New difficulty value = old difficulty value* (time spent by last 2016 blocks /20160 minutes)
Target value = maximum target value / difficulty value
The maximum target value is a fixed number. If the last 2016 blocks took less than 20160 minutes, then this coefficient will be small, and the target value will be adjusted bigger, if not, the target value will be adjusted smaller. Bitcoin mining difficulty and block generation speed will be inversely proportional to the appropriate adjustment of block generation speed.
-Representative applications: BTC, etc.
》POS
-Concept:
Proof of stake. That is, a mechanism for reaching consensus based on the holding currency. The longer the currency is held, the greater the probability of getting a reward.
-Principle:
PoS implementation algorithm formula: hash(block_header) = Coin age calculation formula: coinage = number of coins * remaining usage time of coins
Among them, coinage means coin age, which means that the older the coin age, the easier it is to get answers. The calculation of the coin age is obtained by multiplying the coins owned by the miner by the remaining usage time of each coin, which also means that the more coins you have, the easier it is to get answers. In this way, pos solves the problem of wasting resources in pow, and miners cannot own 51% coins from the entire network, so it also solves the problem of 51% attacks.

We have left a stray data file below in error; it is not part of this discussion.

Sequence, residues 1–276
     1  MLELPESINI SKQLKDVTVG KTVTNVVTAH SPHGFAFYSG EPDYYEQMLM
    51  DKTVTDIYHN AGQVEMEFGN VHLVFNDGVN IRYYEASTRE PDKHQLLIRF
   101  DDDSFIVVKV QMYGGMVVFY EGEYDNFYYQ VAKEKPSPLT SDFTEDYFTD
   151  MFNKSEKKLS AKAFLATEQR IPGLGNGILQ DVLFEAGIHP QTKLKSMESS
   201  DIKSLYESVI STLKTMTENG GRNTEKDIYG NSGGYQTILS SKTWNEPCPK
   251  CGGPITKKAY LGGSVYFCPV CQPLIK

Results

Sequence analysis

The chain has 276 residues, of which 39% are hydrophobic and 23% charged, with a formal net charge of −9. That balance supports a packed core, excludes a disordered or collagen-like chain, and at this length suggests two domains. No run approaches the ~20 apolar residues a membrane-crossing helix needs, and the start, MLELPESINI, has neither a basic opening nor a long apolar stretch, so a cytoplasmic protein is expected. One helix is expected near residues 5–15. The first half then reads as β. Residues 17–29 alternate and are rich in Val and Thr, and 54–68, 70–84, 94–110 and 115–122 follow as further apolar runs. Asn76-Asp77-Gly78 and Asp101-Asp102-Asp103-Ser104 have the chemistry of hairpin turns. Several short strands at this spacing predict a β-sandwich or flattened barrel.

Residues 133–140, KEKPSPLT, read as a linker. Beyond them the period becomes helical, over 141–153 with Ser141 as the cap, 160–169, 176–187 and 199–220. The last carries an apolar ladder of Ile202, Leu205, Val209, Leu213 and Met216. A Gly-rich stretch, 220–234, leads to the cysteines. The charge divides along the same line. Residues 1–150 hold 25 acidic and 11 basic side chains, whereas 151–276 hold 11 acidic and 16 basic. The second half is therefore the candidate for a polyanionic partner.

-Representative applications: ETH, etc.
》DPoS
-Concept:
Delegated proof of stake. That is, currency holding investors select super nodes by voting to operate the entire network , similar to the people's congress system.
-Principle:
The DPOS algorithm is divided into two parts. Elect a group of block producers and schedule production.
Election: Only permanent nodes with the right to be elected can be elected, and ultimately only the top N witnesses can be elected. These N individuals must obtain more than 50% of the votes to be successfully elected. In addition, this list will be re-elected at regular intervals.
Scheduled production: Under normal circumstances, block producers take turns to generate a block every 3 seconds. Assuming that no producer misses his order, then the chain they produce is bound to be the longest chain. When a witness produces a block, a block needs to be generated every 2s. If the specified time is exceeded, the current witness will lose the right to produce and the right will be transferred to the next witness. Then the witness is not only unpaid, but also may lose his identity.